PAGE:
As I mentioned previously, I've always found PHP awkward to use but I'd always kind of put it into the whole "PHP is the worst web development language there is; apart from all the others" sort of a box.

I'd always been interested in Python, but I find it very difficult to learn something by following through a tutorial. I need to have a project to get stuck in to and the few ideas I have had were always a little over-ambitious.

Fresh from my win with my search system (and freshly deflated by The Essay), I decided to give Flask a go.

BEST. THING. EVER!

I am so impressed with how quickly I got to grips with Flask, Jinja2 and of course Python. In the last 4 days I've almost completely replicated my staticDimension blog publishing system in Python!

It's still a long way from being shareable in full (I'm not even using it to write this yet, it's still safely locked away in my testing environment) but I wanted to share a small bit of the problem I was up until midnight last night solving.

At the point I wrote this bit, I was feeling really pleased with myself that I'd managed to transition into a whole new language and was already writing simple, efficient, beautiful code. I needed to implement the code for generating the archive pages that make the post date directories browsable.

This is what I came up with:

def rebuild_archive_indexes():
    archiveYearDirs = glob("%s/[0-9][0-9][0-9][0-9]" % app.config['SITE_ROOT_DIR'])
    archiveFile = codecs.open("%s/archive.html" % (app.config['SITE_ROOT_DIR']),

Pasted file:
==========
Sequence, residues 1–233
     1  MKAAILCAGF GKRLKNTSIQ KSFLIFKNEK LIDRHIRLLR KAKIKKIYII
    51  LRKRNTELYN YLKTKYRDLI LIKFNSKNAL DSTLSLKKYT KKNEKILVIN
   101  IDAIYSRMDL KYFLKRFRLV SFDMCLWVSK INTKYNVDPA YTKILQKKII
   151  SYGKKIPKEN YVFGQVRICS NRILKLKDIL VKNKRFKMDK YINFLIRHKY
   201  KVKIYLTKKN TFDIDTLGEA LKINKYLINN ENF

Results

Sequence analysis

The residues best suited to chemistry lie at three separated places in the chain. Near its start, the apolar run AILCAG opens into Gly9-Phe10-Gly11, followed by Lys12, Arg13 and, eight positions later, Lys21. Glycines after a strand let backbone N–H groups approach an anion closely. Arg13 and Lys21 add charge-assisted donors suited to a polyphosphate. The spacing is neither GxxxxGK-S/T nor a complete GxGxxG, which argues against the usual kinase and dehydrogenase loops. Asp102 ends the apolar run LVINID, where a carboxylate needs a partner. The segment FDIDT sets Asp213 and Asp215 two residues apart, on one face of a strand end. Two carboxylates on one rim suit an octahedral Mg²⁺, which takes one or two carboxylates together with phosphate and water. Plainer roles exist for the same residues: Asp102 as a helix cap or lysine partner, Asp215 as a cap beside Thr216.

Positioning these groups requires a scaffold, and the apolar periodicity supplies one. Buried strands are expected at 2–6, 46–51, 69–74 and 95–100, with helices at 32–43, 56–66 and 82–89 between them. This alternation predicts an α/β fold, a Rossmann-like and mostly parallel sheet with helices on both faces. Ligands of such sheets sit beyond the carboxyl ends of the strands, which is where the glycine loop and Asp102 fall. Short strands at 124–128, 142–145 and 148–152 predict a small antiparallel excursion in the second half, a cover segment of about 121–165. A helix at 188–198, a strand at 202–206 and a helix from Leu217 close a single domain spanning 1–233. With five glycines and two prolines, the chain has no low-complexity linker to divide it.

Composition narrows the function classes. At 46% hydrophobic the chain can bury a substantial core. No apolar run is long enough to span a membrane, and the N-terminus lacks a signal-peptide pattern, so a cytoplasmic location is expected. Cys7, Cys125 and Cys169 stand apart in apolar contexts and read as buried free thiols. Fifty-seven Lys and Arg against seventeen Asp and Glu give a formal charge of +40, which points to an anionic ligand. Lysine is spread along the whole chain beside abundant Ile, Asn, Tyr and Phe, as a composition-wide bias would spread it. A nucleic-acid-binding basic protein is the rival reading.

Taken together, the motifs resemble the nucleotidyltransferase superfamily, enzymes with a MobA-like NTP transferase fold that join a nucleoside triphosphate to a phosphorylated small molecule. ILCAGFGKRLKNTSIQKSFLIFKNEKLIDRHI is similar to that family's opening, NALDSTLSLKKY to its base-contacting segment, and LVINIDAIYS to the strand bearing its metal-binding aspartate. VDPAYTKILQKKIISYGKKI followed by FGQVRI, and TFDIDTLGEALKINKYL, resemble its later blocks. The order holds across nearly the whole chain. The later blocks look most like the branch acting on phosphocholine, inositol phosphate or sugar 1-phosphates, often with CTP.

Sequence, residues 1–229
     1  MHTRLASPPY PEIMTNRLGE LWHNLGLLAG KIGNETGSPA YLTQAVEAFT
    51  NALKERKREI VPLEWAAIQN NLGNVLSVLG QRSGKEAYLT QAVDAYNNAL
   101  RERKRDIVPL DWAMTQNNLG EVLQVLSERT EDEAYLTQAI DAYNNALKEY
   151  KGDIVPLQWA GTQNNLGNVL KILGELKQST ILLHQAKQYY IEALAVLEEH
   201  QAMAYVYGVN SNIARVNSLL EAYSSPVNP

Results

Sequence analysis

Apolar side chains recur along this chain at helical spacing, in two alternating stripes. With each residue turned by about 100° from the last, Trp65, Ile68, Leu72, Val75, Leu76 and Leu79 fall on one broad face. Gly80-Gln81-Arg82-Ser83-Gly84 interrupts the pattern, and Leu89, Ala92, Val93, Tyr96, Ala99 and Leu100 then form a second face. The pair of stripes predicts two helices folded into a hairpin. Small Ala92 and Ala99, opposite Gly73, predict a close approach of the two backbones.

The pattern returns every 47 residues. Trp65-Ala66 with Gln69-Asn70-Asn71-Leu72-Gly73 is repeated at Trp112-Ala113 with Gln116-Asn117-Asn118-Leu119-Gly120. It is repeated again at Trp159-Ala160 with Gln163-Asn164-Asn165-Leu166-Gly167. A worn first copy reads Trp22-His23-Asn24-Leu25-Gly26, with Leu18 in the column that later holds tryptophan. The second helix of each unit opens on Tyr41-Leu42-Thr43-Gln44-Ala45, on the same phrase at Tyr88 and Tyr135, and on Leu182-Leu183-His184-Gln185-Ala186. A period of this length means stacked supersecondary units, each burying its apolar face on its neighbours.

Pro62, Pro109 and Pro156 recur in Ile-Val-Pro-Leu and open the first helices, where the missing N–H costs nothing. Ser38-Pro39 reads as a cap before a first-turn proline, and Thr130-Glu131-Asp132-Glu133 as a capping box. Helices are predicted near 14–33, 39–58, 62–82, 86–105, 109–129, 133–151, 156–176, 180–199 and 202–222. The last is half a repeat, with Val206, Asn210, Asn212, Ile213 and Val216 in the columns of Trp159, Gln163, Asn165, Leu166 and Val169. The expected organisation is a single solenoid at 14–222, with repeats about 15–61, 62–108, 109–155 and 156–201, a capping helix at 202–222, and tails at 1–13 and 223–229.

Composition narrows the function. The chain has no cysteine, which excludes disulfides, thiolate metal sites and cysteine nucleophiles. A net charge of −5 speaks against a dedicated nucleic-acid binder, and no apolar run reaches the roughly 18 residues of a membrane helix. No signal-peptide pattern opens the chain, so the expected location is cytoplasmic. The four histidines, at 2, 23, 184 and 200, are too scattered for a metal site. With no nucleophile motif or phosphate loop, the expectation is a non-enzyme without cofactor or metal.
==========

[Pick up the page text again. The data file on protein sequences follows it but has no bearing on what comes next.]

encoding='utf-8', mode='w')

    archiveYears = []                          
    for y in archiveYearDirs:
        year = os.path.split(y)[1]
        archiveYears.append((year, year))

        for (path, dirs, files) in os.walk("%s/%s" % (app.config['SITE_ROOT_DIR'], year)):
            archiveIndex = codecs.open("%s/index.html" % path, encoding='utf-8', mode='w')

            sPath = path[len(app.config['SITE_ROOT_DIR'])+1:]
            if not dirs:
                files.remove('index.html')
                items = map(get_full_title, files)
            else:
                if '/' in sPath:
                    days = dirs
                    month = [sPath.split('/')[1] for x in range(len(days))]
                    yr = [year for x in range(len(days))]
                    items = map(day_name, days, month, yr)
                else:
                    items = map(month_name, dirs)

            archiveIndex.write(render_template("%s/archive.html" % app.config['SITE_TEMPLATE'],
                                          site_root_url=app.config['SITE_ROOT_URL'], 
                                          items=items,
                                          breadcrumb=sPath+'/'))
            archiveIndex.close()

    archiveFile.write(render_template("%s/archive.html" % app.config['SITE_TEMPLATE'],
                               site_root_url=app.config['SITE_ROOT_URL'], 
                               items=archiveYears,
                               breadcrumb=""))
    archiveFile.close()
    flash('Archive rebuilt')
    return redirect(url_for('control_panel'))

def month_name(monthNumber):
    months = ("January", "February", "March", 
                     "April", "May", "June", "July", 
                     "August", "September", "October", 
                     "November", "December")
    return (monthNumber, months[int(monthNumber)-1])

def day_name(dayNumber, month, year):
    d = datetime.date(int(year), int(month), int(dayNumber))
    return (dayNumber, "%s, %s" % (d.strftime('%A'), dayNumber))

def get_full_title(f):
    return (f, f)

I'm pretty sure this would be classified as an abomination and get me kicked out of any Python clubs - month = [sPath.split('/')[1] for x in range(len(days))] to generate a list of the same values just so I can use map() on the days tuple to work out what day the 1st of May was in 2011. get_full_title() isn't fully implemented yet and may well spawn a post of its own too - the lazy method means opening and reading every plaintext blog post (again) just to get the first line. I'm pretty sure I can do better than that.